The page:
Pre-school uncovered further mobility issues, Daisydoo struggled to get herself of the ground from the sitting position, she wasn’t able to express her needs (resulting in lots of washing) and she was still not speaking (although by this point her speech had started to develop at home). So we were reffered for assessment to the educational psychologist. Of course Daisydoo was still young and so her behaviour was put down to her having low confidence, lots of things were put into place to help to encourage her, but weve just started in year 1 and the problems are still apparent (although, thank fully she can now express her needs).

It would be wrong of me to say  that nothing has changed because in facts lots of things have changed. Firstly, after mentioning to the speech therapist that Daisydoo was unable to do any kind of blowing (straw, blowing bubbles) we were given some excercises to help her to control her tongue, this helped so much, once as Daisydoo was able to control the movements of her, jaw, lips and tongue speech literally tumbled out, for a long time we were stuck on words with just one syllable, until finally walking to preschool she managed a very clumsy ‘hip hip horay’ (I can still vividly remember the exact moment 🙂 ) of course once as she had mastered stringing two or more syllables together there really was no stopping her. However I also noticed that Daisydoo would only use a word if she knew exactly how to use it, she had to understand the purpose of the words she was using, rather than simply copying them. Daisydoo’s latest speech therapy report indicated that she now has a vocabulary above her chronilogical age :). So clearly the hard work of constant repitition and constant describing and talking paid of we now have ourselves a complete and utter chatterbox, who uses some amazing words to express herself ‘that dinner was delicious mum’ is always one of my favourites! Unfortunately her teachers look at me as if I am mad when I mention her constant chatter, because at school she is still not talking as much as she can (hopefully the day will come when the school will wish for the quite little Daisydoo back instead of the chatterbox, we’ll see).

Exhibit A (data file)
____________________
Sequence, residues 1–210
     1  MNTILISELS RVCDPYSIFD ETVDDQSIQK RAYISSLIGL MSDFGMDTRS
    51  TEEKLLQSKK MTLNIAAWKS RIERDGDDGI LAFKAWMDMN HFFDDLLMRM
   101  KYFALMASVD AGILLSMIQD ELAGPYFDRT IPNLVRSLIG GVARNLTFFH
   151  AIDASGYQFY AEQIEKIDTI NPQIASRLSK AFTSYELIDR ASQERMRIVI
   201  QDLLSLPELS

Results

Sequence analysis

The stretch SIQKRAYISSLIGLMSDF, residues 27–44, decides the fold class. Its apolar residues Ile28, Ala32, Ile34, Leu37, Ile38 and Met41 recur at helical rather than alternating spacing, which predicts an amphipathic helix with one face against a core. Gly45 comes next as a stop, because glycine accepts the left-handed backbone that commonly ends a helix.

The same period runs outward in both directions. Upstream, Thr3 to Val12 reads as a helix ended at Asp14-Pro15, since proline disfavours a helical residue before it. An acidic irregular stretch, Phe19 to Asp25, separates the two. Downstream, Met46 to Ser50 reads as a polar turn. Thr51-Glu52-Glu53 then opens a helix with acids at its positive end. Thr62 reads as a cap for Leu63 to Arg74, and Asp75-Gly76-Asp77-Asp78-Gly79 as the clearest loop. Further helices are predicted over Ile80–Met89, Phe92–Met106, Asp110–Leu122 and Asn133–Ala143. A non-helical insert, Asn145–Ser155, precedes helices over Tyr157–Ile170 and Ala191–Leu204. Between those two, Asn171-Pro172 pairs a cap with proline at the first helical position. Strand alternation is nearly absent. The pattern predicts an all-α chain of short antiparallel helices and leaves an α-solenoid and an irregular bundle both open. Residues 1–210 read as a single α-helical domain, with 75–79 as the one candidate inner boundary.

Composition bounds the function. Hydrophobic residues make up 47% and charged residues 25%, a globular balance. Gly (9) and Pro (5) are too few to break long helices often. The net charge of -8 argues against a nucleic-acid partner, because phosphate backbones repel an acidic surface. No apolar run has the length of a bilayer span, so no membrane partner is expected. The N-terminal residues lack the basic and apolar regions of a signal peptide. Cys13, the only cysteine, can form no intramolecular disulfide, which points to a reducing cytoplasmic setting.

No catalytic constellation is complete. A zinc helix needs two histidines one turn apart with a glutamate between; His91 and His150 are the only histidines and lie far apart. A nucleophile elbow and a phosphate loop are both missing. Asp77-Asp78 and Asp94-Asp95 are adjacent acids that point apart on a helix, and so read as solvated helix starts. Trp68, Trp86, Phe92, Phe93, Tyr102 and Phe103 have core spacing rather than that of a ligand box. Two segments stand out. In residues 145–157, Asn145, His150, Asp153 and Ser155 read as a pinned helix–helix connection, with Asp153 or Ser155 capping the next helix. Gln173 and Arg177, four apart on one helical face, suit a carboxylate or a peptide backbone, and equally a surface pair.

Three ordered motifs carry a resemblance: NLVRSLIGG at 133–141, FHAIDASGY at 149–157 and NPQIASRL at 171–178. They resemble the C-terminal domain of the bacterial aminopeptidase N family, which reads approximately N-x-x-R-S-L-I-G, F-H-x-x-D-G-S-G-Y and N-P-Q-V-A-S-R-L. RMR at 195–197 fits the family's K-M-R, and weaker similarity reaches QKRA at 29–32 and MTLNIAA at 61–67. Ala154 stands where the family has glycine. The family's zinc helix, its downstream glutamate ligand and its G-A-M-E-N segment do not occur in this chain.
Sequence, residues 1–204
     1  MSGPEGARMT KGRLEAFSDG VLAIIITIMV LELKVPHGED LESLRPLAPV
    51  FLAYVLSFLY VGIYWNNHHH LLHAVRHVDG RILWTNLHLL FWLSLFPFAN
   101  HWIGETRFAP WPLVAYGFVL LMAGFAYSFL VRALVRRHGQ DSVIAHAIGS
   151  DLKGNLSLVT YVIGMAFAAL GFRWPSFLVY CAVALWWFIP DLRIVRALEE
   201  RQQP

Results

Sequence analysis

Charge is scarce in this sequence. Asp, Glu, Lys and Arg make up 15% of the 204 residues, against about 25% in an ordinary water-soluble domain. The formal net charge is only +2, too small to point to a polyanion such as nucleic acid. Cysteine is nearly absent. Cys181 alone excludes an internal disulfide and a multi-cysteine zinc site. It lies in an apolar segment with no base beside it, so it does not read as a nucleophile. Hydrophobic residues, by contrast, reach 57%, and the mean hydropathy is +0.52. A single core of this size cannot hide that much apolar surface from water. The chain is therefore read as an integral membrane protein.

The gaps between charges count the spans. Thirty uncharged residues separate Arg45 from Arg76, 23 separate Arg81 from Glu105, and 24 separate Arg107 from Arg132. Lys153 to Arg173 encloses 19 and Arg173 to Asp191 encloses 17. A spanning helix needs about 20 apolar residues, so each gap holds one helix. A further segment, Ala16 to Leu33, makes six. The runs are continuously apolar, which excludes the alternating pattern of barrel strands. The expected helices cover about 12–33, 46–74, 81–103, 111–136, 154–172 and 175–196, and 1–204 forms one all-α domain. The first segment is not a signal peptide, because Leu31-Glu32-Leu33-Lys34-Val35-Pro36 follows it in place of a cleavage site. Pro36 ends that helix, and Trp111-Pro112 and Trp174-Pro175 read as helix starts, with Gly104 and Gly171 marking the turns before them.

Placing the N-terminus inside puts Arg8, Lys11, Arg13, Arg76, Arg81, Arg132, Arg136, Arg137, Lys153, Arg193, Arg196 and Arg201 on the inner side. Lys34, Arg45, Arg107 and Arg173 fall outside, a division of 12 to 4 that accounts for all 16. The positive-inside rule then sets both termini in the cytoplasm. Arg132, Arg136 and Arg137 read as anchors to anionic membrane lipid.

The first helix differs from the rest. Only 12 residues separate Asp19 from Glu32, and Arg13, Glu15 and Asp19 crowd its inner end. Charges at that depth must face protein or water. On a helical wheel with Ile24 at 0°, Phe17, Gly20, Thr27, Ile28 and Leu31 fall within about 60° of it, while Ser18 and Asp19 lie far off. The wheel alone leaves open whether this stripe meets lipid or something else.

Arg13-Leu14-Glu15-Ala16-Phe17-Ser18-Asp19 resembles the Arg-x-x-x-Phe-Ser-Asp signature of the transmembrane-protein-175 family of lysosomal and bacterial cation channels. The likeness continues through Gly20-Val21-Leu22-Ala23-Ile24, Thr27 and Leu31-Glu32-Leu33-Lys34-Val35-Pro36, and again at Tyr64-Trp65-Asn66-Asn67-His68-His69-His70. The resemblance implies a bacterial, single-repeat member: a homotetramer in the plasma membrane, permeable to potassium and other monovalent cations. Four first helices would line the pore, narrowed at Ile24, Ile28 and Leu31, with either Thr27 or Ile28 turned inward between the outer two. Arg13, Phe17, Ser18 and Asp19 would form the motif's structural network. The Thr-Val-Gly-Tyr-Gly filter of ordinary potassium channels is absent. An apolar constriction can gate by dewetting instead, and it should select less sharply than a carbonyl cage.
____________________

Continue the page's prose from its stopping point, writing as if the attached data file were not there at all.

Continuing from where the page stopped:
Anyway lets get up to date, Daisydoo still has mobility issues, she has hypermobility throughout the body. She also has issues in Gross Motor Skills and Fine Motor Skills, Motor Co-ordination and Visual Motor Integration,in the latter two her recent scoring is 78. At this point I don’t know what any of this means, she has not been diagnosed as having any kind of learning needs (although this has now been hinted at).

My biggest concern for her at the moment is that her low scoring in Motor Co-ordination and Visual Motor Integration means that, holding a pencil and using a pencil causes her massive difficulties as well as this she is not able to transfer what she percieves in front of her accurately into motor movements. Basically writing is a massive struggle for her, of course writing is also a foundation of the education system…this is why, on Thursday of this week I have an appointment to speak to the sen at her school, about getting her assessed again, in the hope that they will see that Daisydoo needs extra help, I know I/we (Daddy too!)  have a fight on my hands, perhaps the biggest fight I have ever had in my life…but im ready for it (I think)!!!